“By comparison, a 24-hour period of care for a premature baby costs up to $3000.”
But no rationale is given for the racist basis of eligibility.
To the contrary, the fact is that all pregnant women and their sprogs would benefit.
A review of 19 studies of quit-smoking competitions and rewards, published by the international Cochrane Library in 2011, concluded that “smokers may quit while they take part in a competition or receive rewards for quitting, but generally do no better than unassisted quitters once the rewards stop”.
Theresa Marteau, professor of health psychology at Kings College, London, reviewed research on financial incentives in a study published in the British Medical Journal in 2009. “The theory is that much of our behaviour – 45 per cent – is habitual,” she said. “The idea of incentives is to help break bad habits and, once the new habit is established, the incentive can be removed. But unless you change the environment, the chances of success are reduced.”
The aforementioned “tobacco control expert”, Dr Marewa Glover, seems comfortable about injecting a racist element into the campaign to reduce smoking.
The Herald says:
Dr Glover’s group is trialling another approach called “the Aunties”: Maori women find pregnant women through their community networks and urge and support them to quit smoking – and to register with a midwife.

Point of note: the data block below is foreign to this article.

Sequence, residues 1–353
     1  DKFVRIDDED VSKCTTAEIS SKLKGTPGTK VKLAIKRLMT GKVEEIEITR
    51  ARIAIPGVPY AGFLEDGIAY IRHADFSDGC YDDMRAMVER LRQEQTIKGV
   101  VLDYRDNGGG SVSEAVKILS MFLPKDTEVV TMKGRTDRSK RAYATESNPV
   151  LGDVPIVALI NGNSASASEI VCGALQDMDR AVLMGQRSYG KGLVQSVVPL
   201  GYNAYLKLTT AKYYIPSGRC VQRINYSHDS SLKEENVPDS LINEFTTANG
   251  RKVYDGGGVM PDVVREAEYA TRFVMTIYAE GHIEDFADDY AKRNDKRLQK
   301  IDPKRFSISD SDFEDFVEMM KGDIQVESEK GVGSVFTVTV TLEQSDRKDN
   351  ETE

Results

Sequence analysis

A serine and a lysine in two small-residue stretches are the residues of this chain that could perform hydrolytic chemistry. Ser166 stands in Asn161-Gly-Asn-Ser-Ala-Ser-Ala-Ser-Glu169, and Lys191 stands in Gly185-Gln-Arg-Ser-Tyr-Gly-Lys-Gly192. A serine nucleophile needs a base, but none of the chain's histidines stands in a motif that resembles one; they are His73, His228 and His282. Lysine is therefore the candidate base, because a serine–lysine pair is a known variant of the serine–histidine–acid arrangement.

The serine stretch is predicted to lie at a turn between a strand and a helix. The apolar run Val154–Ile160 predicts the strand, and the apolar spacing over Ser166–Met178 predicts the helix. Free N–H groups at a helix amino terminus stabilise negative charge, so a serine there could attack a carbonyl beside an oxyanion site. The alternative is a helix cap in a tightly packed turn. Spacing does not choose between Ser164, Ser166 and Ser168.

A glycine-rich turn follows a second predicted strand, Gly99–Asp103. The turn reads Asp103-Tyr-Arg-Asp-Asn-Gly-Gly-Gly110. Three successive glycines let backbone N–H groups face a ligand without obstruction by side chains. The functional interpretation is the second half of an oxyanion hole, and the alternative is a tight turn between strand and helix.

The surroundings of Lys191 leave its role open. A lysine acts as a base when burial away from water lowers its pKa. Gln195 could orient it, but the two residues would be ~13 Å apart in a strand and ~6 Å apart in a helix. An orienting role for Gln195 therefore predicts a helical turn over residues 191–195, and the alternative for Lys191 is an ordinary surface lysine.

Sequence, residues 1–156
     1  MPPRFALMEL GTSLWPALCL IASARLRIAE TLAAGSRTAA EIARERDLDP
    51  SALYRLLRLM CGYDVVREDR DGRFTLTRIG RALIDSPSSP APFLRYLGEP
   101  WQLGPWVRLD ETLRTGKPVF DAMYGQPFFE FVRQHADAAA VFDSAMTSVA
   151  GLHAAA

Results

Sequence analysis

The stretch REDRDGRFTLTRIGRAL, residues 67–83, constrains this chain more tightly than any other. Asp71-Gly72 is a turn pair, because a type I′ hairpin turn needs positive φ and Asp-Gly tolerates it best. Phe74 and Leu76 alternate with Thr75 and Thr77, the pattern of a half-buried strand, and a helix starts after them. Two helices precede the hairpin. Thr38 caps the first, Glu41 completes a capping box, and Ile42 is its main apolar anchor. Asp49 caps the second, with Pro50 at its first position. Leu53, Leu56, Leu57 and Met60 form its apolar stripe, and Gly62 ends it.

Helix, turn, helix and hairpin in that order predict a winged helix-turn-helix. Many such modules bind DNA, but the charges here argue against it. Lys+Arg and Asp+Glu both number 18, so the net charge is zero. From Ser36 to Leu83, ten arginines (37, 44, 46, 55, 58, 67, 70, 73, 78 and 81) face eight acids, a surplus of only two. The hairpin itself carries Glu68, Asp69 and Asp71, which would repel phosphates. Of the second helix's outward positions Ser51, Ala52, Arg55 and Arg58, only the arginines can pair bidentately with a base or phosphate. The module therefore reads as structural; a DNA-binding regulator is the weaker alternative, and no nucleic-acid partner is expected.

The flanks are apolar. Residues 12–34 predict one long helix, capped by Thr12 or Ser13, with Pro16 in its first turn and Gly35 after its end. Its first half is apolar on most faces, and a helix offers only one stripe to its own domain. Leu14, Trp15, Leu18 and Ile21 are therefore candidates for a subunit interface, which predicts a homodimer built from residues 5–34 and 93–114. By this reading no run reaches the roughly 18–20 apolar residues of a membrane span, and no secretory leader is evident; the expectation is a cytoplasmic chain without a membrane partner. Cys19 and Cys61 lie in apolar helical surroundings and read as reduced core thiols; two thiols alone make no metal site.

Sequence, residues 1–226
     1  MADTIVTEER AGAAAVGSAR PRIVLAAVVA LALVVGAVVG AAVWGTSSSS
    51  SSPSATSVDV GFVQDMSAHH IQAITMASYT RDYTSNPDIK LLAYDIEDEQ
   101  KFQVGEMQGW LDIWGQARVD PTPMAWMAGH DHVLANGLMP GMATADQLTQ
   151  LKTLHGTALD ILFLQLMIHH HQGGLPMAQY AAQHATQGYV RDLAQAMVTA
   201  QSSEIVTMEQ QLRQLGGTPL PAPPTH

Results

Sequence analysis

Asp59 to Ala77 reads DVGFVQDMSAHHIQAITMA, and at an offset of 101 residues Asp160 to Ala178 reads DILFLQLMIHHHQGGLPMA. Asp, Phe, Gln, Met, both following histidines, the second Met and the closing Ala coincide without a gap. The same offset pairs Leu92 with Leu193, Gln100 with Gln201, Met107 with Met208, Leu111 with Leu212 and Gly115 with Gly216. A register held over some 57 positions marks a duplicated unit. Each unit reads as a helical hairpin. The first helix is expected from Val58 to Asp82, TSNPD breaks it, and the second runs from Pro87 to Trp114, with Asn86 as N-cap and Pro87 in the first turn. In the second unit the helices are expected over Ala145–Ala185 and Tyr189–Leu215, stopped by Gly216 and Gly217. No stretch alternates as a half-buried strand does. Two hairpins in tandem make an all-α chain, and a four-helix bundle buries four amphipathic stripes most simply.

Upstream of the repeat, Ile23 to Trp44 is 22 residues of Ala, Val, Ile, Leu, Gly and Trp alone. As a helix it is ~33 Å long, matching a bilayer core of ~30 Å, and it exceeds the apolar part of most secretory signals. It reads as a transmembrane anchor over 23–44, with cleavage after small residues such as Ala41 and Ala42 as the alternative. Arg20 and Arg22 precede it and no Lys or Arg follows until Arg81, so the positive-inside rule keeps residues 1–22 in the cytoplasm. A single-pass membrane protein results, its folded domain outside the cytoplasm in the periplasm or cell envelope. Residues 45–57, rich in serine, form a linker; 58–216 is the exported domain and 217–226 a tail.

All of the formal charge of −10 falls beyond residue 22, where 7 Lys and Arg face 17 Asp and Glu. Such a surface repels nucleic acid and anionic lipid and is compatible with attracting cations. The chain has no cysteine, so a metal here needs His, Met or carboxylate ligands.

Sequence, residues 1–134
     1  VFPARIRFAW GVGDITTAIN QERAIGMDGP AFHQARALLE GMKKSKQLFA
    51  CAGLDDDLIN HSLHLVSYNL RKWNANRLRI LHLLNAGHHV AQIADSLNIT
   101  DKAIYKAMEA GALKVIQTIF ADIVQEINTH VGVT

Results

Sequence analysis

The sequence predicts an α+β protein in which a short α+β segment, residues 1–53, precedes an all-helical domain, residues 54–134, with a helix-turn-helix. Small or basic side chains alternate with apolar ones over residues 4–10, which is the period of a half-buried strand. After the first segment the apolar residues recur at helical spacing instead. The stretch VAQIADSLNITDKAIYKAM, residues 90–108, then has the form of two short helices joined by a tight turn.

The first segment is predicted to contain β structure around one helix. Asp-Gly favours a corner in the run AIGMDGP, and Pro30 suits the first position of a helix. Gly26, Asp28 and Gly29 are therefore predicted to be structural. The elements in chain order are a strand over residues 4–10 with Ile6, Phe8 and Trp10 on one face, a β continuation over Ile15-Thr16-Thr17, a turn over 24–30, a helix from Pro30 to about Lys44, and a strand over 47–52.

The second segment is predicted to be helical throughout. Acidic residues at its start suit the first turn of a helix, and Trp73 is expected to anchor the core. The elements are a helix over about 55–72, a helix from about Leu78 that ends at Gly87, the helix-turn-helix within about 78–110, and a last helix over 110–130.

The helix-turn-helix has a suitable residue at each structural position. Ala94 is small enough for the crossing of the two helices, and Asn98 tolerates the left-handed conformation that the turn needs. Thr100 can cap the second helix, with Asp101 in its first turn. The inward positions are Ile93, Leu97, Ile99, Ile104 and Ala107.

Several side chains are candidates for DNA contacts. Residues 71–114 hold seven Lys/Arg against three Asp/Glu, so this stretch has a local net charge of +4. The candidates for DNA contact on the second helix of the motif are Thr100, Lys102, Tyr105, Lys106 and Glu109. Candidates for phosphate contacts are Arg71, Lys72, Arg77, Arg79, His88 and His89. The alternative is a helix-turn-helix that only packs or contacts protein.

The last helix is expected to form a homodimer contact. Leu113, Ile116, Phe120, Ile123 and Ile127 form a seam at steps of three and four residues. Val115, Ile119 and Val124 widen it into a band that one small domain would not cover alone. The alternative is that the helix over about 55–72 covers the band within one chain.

This Glover sheila does not disguise her ethnically selective approach – nah, let’s call it racist – to combating tobacco.
Since her award winning doctoral research on Māori smoking cessation in 2000, Dr Glover has led and supported many tobacco control focused and kaupapa Māori health research projects including: studying smoking in pregnancy among Māori women; what motivates Māori and Pacific Island people to stop smoking and what they want from cessation services; the health, social and economic consequences of smoking for Māori; and many more.
She established and directs the 21 University of Auckland’s Centre for Tobacco Control Research, described as New Zealand’s only research centre dedicated to tobacco control “and to building Māori and Pacific tobacco control research capability and capacity”.
When it comes to racist policy-making, of course, you are bound to find Tariana Turia eagerly involved.
And sure enough, in October 2012 dear old Tariana returned from a week in Brisbane, attending “the international network of indigenous health knowledge and development conference”.
She said (here):
And I was fascinated at the use of incentives or inducements to encourage clients to come in through the doors, or to model ideal practice (ie pregnant women might be offered grocery vouchers if they stop smoking).
The conference was not necessarily told of the need for race-based eligibility criteria.
But in this country our indigenous people are special people.
So let’s give them special treatment, eh?
And if an explanation is needed, well, we can always bring up the matter of colonisation and recall how the bloody Europeans brought tobacco to this fair land, and how the splendid Maori people have been on the back foot ever since.